It’s 15 years since McKinsey coined the term ‘the war for talent’. They named a phenomenon that organisations across the world had been experiencing – and the term has reverberated throughout the business world ever since, through booms, busts, upturns and meltdowns.
Having great talent has always been important, of course. Now most organisations see it as critical. But have we been intelligently engaging with talent on all fronts to win this battle for hearts and souls? I don’t think so.
McKinsey identified five steps to winning talent. It starts with ingraining a talent mindset at all levels, starting at the top. Then an organisation needs to create a winning EVP, to get talent through the door and keep them there. The third and fourth critical factors involve putting in place the pipeline to continually recruit talent – and grow good leaders. So far, so good – we can all think of great case studies on some or all of the above.
But what about the fifth, little talked about factor? The last but certainly not the least. The one that demands you to ‘Differentiate and Affirm’ all your employees. That means dealing with people as individuals; and making sure you have the inclusive working culture to keep and develop your talent. It means harnessing the diversity of your people – not just their age, gender, beliefs, ethnicity, abilities and personal circumstances, but also their experiences, networks and ideas.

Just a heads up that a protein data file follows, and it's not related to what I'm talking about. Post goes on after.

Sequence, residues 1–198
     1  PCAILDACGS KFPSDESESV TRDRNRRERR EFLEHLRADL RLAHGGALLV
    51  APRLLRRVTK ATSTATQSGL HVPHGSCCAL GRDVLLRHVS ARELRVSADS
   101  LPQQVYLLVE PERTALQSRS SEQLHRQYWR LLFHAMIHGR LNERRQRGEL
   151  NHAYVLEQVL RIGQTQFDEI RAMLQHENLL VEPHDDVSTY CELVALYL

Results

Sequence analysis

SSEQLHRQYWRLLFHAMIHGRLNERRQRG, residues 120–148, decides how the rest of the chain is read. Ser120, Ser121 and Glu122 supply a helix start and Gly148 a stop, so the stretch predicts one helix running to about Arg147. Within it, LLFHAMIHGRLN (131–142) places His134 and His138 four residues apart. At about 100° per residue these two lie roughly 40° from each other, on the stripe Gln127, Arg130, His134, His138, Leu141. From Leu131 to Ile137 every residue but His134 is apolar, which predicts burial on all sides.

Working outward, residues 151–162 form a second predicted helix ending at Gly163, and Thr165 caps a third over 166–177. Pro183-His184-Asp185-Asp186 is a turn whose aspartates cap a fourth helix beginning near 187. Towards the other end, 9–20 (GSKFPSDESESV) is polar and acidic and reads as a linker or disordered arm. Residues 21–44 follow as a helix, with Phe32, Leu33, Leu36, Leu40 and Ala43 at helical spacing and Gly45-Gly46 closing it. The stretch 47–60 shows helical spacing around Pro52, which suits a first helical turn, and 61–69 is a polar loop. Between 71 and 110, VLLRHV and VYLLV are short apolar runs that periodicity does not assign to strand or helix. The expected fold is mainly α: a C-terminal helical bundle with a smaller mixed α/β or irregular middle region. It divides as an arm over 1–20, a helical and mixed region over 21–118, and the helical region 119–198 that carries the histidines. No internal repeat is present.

Essentially, most organisations are good at showering top performers with exciting opportunities and financial rewards; and exiting those who continually underperform. But what about that mass of solid performers who make up most of an employee base? Those are the people who need to be developed and affirmed – to be understood and feel that the company will develop and reward them in the future.
Yet how many organisations adequately and continually segment their employee base to understand the primary motivations of their people? How many look to build inclusive EVPs and obstacle-free talent pipelines? How many understand how to communicate with the different generations and communities that make up their workforce? That’s the toughest battle ground for your existing and future talent management – the fight to retain and maximise the return on the ‘foot soldiers’ who have already volunteered their services for you.